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Having your rear LED speaker rings turn off when Navigation lights are turned on. (avoid police)

Discussion in 'Member Tips and Ideas' started by zelone, Apr 14, 2017.

  1. zelone

    zelone Jet Boat Lover

    Messages:
    149
    Location:
    Croydon, PA
    Ratings:
    +90 / 0
    Boat Make:
    Yamaha
    Year:
    2010
    Boat Model:
    Limited S
    Boat Length:
    24
    I had installed LED speaker rings on all the speakers 2 seasons ago, but never hooked the wiring up to the rear swim deck rings, because I was concerned they would draw unnecessary attention from the water police.

    It took me a while, but I came up with a solution. I bought a 12v Automotive relay on Amazon, with a "normally closed" circuit, meaning, when power is applied, the circuit opens. (its actually a universal relay, which offers both options, normally open and normally closed, depending on which terminal you decide to use)
    Here is the relay name on Amazon: Absolute RLS125 12-VCD Automotive Relay SPDT 30/40A

    Anyway, I found the wire on the back of the Navigation light switch, which powers the nav lights, but not the anchor light, and when that wire is powered, it tells the relay to cut power to the rear lights. You will need to be comfortable running wires throughout the boat, as well as soldering. I've attached the crude circuit drawing that I made to get it done. Now, when anchored, rear LED's are on, as soon as I turn on Nav lights, they turn off automatically. No worrying about forgetting to turn them off. The rest of the lights inside the boat are unaffected by the operation of the nav light.
     

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  2. Julian

    Julian Jetboaters Fleet Admiral Staff Member Administrator

    Messages:
    8,690
    Location:
    Raleigh, NC 27614
    Ratings:
    +5,370 / 52
    Boat Make:
    Yamaha
    Year:
    2016
    Boat Model:
    242X E-Series
    Boat Length:
    24
    Nice idea....if the cops have nothing better to do than pull you over for speaker rings....I guess times are dull....but better safe than sorry.
     
  3. maboat

    maboat Jetboaters Lieutenant

    Messages:
    1,039
    Location:
    Lake Ray Hubbard, TX
    Ratings:
    +554 / 1
    Boat Make:
    Yamaha
    Year:
    2006
    Boat Model:
    AR
    Boat Length:
    23
    Pretty cleaver, but dang your water police must be super anal to stop you for having LED Speaker rings on while under way. :eek:
     
    • Agree Agree x 1
  4. AndyD

    AndyD Well-Known Member

    Messages:
    192
    Location:
    Wake Forest, NC
    Ratings:
    +223 / 3
    Boat Make:
    Yamaha
    Year:
    2016
    Boat Model:
    242 Limited S E-Series
    Boat Length:
    24
    If they're blue lights then yes, some can be quite anal about them as it makes your boat appear to be a police vessel and could cause disruption on the waterway. Same thing goes with blue under water lights reflecting off the wake as well.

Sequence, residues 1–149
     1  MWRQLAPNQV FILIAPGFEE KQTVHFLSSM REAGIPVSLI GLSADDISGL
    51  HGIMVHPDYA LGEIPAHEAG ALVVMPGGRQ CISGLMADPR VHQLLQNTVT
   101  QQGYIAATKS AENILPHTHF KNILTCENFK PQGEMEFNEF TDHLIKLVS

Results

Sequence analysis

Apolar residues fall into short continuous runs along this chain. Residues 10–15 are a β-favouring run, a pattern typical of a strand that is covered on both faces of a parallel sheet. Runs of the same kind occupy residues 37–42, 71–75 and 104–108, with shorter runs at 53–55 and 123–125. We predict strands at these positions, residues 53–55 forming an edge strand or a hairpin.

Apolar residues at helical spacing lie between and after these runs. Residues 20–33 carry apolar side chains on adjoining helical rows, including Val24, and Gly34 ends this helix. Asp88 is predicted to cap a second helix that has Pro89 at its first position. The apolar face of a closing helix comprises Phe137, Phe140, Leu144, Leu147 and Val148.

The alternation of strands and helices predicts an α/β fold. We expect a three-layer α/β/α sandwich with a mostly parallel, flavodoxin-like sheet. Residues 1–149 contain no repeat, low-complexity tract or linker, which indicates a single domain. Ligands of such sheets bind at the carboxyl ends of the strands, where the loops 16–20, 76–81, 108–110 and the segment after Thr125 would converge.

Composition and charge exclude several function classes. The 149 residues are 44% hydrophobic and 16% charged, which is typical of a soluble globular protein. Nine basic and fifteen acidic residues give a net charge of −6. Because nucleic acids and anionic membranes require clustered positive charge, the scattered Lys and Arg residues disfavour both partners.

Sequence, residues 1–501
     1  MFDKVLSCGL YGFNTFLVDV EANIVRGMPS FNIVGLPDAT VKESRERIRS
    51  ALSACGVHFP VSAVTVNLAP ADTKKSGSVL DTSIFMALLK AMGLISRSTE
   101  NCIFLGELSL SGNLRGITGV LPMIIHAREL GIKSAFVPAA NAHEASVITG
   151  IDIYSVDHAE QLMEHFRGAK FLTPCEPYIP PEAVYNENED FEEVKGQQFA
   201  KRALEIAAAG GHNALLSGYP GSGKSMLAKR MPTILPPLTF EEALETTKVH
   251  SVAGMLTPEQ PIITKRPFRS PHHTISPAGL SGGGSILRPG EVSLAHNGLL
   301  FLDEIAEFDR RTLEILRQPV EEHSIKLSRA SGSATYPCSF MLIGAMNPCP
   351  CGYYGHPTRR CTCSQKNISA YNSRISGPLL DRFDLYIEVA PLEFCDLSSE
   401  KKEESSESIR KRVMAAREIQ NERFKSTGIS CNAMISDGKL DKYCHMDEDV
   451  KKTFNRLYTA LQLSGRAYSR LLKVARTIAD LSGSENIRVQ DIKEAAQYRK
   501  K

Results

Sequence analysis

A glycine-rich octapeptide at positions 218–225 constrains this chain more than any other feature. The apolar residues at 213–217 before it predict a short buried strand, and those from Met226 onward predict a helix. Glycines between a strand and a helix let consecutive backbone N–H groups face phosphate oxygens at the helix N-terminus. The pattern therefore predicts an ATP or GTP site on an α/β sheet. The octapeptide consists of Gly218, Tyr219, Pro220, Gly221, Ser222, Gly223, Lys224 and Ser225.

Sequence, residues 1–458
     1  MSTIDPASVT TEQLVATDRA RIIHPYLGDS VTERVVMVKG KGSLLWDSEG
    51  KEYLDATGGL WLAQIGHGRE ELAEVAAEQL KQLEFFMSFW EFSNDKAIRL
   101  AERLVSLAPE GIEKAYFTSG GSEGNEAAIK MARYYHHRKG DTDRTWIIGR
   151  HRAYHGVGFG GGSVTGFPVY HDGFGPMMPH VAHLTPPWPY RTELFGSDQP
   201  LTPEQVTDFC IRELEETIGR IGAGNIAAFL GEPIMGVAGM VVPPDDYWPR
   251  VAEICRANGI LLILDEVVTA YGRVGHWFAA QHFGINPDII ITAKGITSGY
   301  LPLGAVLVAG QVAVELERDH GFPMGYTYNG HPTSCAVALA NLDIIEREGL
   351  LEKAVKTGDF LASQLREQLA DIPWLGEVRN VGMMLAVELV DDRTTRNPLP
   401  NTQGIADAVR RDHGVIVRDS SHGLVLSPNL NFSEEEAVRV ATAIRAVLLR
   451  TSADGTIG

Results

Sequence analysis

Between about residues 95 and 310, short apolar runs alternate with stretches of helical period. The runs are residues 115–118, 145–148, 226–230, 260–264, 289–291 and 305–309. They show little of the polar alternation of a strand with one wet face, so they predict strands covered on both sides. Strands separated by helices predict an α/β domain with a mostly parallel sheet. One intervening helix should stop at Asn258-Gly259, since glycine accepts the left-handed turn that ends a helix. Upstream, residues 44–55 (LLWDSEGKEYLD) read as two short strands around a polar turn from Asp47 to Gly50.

There's been several discussions on here but it doesn't seem anybody can truly locate what is officially "legal" vs "illegal" including some LEO's.
     
  5. zelone

    zelone Jet Boat Lover

    Messages:
    149
    Location:
    Croydon, PA
    Ratings:
    +90 / 0
    Boat Make:
    Yamaha
    Year:
    2010
    Boat Model:
    Limited S
    Boat Length:
    24
    Better safe than sorry. I usually just keep all my RGB lights on a random pattern, so they can be blue at times. Not worth the hassle.
     
  6. tdonoughue

    tdonoughue Jetboaters Commander

    Messages:
    1,729
    Location:
    The Woodlands, TX 77381
    Ratings:
    +1,049 / 17
    Boat Make:
    Yamaha
    Year:
    2012
    Boat Model:
    AR
    Boat Length:
    24
    I think I can help there.

    U.S. Inland Navigation Rules and the International Rules are the same on the point: Rule 20(b): "The Rules concerning lights shall be complied with from sunset to sunrise, and during such times no other lights shall be exhibited, except such lights as cannot be mistaken for the lights specified in these Rules or do not impair their visibility or distinctive character, or interfere with the keeping of a proper look-out." There may also be additional state or local regulations, but those usually do not apply to lighting (per Chapman's).

    So, the lack of clarity comes down to this: in any given situation, could the lights you have "be mistaken for lights" in the Rules? Obviously, that is somewhat subjective for the citing officer. However, it would be finally determined by a court, ultimately (e.g. jury or judge) taking evidence and looking at the maritime case laws to see whether that standard was violated or not. Same with "impair their visibility or distinctive character" and "interfere with the keeping of a proper look-out". Of course, most people won't take the issue that far and will just pay the ticket. The safest thing would be to have no other lights visible; then there is no question. So hats off to @zelone for a good solution while running. Anything beyond that (and even while at anchor) you need to look at and evaluate the risk that some LEO will think it violates one of these standards. I have lights in my cockpit only, because I think that will meet the standards and poses very low risk. But, even that, I admit, is some level of risk.

    Final point: I am oft surprised at how many people are unaware of the navigation light standards (I mean knowing how many there are, etc.). I won't claim to be an expert in them or have memorized them all, but there are a lot of them, and I review them periodically. Seems like it would be a good idea to review those at least when you are considering whether you might be confused with one of them.
     
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